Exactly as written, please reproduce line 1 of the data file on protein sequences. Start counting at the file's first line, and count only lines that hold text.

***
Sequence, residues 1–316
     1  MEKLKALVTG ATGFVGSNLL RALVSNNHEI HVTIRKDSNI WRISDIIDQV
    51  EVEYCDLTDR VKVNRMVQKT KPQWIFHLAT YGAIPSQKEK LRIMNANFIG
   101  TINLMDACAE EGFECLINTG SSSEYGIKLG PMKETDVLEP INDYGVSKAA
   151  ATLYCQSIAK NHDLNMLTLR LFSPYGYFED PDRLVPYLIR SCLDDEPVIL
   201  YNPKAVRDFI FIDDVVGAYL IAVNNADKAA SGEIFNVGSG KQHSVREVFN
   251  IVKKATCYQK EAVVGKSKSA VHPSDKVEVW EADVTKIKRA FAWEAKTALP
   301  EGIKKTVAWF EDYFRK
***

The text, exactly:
Sequence, residues 1–316